Cathy Chester | An Empowered Spirit

When Rejection Stings What Do You Do? Change The Rules

I’ve been fortunate to have my work published on my fair share of websites. A few of them focused on my midlife journey, yet the bulk were health-related. The reason is simple: I’ve lived with Multiple Sclerosis for more than half of my life and that’s where my expertise lies.


I offer hope and inspiration to those living with a chronic illness to help them understand that they, too, can live a joyful and passionate life.  

But I never want to be defined as a disabled woman. I want to be thought of as a woman who happens to have a disability. I’ll go one step further. I’d rather people see me as a resilient, intelligent, joyful, compassionate, kind, curious seeker-of-truth who happens to have a few misaligned lesions but continues to live a life of passion and purpose within her abilities.

When I began to blog in 2012 I had no intention of writing only about Multiple Sclerosis. Don’t get me wrong. I love the MS community and I dedicate my life toward helping that community. Ability despite disability. That’s my mantra.  

But I’m multidimensional; there’s so much more to me than my disease.  

Sometimes I don’t think people see the whole picture of who I am and what I have to offer. Maybe it’s because I’m a quiet person with a soft speaking voice. Or maybe it’s because I smile a lot whether or not I’m feeling well.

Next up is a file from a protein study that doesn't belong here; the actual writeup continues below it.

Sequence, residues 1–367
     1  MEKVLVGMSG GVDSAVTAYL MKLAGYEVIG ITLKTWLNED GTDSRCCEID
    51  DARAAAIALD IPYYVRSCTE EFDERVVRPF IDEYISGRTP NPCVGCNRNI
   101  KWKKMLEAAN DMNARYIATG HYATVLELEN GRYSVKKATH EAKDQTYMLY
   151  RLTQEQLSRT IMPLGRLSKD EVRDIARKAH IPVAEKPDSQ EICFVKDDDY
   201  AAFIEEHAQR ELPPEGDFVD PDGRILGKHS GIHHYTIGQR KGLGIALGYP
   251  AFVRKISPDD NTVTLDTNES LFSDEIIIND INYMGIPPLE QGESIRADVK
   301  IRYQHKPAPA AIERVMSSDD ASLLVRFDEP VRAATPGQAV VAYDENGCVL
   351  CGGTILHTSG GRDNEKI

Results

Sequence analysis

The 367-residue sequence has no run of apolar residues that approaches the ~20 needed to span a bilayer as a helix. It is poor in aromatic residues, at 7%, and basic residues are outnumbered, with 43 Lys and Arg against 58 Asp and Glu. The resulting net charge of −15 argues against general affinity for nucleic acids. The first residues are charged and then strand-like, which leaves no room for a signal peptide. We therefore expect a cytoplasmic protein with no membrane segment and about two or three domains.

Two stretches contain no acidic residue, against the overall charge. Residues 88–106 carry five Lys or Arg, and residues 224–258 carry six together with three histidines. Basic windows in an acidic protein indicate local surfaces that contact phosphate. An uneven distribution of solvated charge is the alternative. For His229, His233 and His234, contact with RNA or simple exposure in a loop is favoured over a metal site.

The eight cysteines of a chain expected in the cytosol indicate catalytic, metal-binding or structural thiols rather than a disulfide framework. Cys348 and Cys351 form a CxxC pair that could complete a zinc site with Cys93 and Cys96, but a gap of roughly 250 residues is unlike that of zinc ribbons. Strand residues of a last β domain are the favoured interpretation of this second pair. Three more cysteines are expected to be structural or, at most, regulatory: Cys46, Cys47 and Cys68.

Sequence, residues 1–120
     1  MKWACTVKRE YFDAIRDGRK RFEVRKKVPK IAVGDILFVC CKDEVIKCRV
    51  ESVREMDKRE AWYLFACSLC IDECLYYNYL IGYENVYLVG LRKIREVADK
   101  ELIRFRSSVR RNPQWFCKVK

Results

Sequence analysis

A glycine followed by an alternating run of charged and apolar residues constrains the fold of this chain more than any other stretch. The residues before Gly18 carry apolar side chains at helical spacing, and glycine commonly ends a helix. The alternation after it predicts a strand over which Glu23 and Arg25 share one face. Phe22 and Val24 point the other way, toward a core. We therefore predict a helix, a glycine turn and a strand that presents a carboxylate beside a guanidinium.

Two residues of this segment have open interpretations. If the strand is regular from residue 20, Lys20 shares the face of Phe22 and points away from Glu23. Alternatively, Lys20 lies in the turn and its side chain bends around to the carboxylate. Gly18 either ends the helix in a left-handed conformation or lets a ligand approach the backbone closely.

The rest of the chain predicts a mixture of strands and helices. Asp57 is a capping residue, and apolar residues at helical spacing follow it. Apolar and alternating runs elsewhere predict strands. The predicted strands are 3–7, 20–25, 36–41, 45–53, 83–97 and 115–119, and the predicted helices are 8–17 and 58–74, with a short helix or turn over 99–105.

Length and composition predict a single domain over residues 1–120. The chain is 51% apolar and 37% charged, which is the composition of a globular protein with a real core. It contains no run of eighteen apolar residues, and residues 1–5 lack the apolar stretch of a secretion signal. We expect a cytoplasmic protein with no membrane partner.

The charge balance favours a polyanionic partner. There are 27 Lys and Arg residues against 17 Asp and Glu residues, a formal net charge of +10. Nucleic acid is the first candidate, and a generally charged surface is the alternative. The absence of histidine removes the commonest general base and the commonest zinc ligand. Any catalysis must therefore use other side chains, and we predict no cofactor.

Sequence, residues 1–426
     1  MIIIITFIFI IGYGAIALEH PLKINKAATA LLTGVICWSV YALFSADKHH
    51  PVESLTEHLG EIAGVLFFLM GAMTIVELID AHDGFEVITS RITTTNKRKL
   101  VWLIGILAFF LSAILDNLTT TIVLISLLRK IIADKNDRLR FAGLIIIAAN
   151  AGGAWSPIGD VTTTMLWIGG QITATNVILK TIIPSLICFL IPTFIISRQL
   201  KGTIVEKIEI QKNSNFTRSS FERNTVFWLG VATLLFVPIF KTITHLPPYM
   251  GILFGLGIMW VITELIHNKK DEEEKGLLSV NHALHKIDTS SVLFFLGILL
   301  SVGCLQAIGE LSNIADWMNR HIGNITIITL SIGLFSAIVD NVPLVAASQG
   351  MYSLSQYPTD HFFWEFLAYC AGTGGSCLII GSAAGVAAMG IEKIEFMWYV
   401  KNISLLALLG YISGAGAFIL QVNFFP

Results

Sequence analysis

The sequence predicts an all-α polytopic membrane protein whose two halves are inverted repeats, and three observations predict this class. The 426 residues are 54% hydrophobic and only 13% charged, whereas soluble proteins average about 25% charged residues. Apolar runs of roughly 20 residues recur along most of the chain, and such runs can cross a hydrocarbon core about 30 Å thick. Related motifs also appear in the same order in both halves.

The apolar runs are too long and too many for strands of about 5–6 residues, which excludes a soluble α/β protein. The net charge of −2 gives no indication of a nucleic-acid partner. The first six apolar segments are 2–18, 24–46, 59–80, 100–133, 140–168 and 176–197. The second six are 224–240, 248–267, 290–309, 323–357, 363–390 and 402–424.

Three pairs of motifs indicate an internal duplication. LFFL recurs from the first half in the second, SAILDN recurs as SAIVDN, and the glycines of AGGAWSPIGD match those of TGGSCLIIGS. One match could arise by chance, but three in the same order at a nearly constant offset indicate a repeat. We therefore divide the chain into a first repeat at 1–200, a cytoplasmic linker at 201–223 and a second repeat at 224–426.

So if the loudest voice in the room seems to win then I better step up my game.

Lately I’ve been feeling the sting of rejection. Oh, sure, everyone gets rejected once in awhile, and writers must learn that rejection is part of the game. We’re not everyone’s flavor and when we’re not we pick up the pieces and move on.  

But I’m talking about a different kind of rejection. Because when you write about disability or disease you’re always teetering on the precipice of having people wince at what you’re talking about or being sincerely interested in what you have to say.

We cannot publish your piece at this time. We are not interested in this subject. We are not planning on having speakers for your subject at this time. Perhaps you might find another publication, another event, another website that is more suitable for your story.

Disability is not a sexy subject. You’re not giving advice on fashion after 50, makeup tips on creating a youthful look or what to do after the kids leave the nest. You’re different and the audience knows it. And while all of these subjects are popular and add value to those in midlife they are not the complete picture of what we should be talking about.

Let’s talk facts: